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Fig2: Sections immunostained for concomitant localization of APP and IBA1 epitopes in representative cases of MVC (Case 21; a-b), blast (Case 1; c-d), and opiate overdose (Case 7; e-f). APP (brown) and IBA1 (blue) was detected sequentially by DAB and Vector blue, respectively, as described in Methods. Note that, in MVC (a-b) and blast (c-d) APP (+) swellings and bulbs colocalise with deramified or phagocytic microglia, whereas in opiate overdose (e-f) they do not. Panels b, d, and f are magnifications of framed areas in a,c, and e, respectively. Size bars: 50 (a, c and e) and 100 (b, d, and f) μm.

Mentions: In some cases with blast histories, groups of abnormally swollen APP (+) axons and axon bulbs were also encountered in the corpus callosum (Additional file 1: Figure S1 for Case 3 but also Figure 2 for Case 1), the superior cerebellar peduncle, and cerebellum. In the cerebellum, axonal swellings were often seen in the deep white matter next to deep nuclei and also in the form of classical retraction balls in the granule cell layer next to Purkinje cell bodies. These retraction balls were eosinophilic, argyrophilic, and APP-immunoreactive, and were also filled with phosphorylated neurofilaments (Additional file 2: Figure S2 for Case 3). One of these cases, e.g. the one illustrated in Additional file 1: Figure S1 and Additional file 2: Figure S2, had suffered traumatic events other than blast relatively near the time of death. APP (+) axonal swellings were occasionally encountered also in internal capsule, striatopallidal pencils, and thalamic striae.Figure 2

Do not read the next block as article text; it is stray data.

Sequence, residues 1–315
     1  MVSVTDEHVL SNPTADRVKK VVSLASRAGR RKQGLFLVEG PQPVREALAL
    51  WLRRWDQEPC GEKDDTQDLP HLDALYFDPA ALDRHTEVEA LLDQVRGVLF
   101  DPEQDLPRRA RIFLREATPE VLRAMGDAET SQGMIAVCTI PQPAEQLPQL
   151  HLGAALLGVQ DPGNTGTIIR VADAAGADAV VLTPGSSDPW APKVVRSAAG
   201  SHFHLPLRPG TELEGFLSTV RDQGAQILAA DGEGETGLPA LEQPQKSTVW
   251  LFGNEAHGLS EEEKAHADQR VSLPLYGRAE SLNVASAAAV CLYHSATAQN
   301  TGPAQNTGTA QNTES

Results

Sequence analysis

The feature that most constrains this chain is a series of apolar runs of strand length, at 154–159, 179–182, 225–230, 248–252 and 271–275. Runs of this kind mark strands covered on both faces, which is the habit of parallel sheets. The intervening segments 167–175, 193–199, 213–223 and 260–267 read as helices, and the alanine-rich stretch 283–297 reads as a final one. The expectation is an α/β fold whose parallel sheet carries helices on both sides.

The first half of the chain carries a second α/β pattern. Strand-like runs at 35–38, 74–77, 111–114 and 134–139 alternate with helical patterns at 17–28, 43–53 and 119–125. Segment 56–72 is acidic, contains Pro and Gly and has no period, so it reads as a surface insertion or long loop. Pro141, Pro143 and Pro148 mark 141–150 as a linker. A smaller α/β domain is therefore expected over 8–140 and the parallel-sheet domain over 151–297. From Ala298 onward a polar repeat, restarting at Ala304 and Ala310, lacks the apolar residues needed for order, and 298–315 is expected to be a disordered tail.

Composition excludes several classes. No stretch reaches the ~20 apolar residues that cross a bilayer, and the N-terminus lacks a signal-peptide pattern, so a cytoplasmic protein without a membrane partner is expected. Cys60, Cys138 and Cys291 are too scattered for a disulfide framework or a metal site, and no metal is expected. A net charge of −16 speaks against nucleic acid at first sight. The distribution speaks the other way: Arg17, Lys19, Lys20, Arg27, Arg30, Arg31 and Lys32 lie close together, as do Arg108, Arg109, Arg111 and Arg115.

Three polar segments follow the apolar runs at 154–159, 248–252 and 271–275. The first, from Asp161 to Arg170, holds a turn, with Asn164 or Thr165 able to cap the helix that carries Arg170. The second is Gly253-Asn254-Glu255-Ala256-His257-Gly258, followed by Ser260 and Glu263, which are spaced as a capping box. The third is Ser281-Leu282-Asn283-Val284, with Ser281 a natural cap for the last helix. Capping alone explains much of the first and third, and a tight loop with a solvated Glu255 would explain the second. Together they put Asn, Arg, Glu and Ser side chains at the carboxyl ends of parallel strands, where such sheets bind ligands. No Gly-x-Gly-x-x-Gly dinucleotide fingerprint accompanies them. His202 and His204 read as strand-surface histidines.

The problem of axonal injury in the brains of veterans with histories of blast exposure.

Ryu J, Horkayne-Szakaly I, Xu L, Pletnikova O, Leri F, Eberhart C, Troncoso JC, Koliatsos VE - Acta Neuropathol Commun (2014)

Sections immunostained for concomitant localization of APP and IBA1 epitopes in representative cases of MVC (Case 21; a-b), blast (Case 1; c-d), and opiate overdose (Case 7; e-f). APP (brown) and IBA1 (blue) was detected sequentially by DAB and Vector blue, respectively, as described in Methods. Note that, in MVC (a-b) and blast (c-d) APP (+) swellings and bulbs colocalise with deramified or phagocytic microglia, whereas in opiate overdose (e-f) they do not. Panels b, d, and f are magnifications of framed areas in a,c, and e, respectively. Size bars: 50 (a, c and e) and 100 (b, d, and f) μm.
© Copyright Policy - open-access
Related In: Results  -  Collection

License 1 - License 2
Show All Figures
getmorefigures.php?uid=PMC4260204&req=5

Fig2: Sections immunostained for concomitant localization of APP and IBA1 epitopes in representative cases of MVC (Case 21; a-b), blast (Case 1; c-d), and opiate overdose (Case 7; e-f). APP (brown) and IBA1 (blue) was detected sequentially by DAB and Vector blue, respectively, as described in Methods. Note that, in MVC (a-b) and blast (c-d) APP (+) swellings and bulbs colocalise with deramified or phagocytic microglia, whereas in opiate overdose (e-f) they do not. Panels b, d, and f are magnifications of framed areas in a,c, and e, respectively. Size bars: 50 (a, c and e) and 100 (b, d, and f) μm.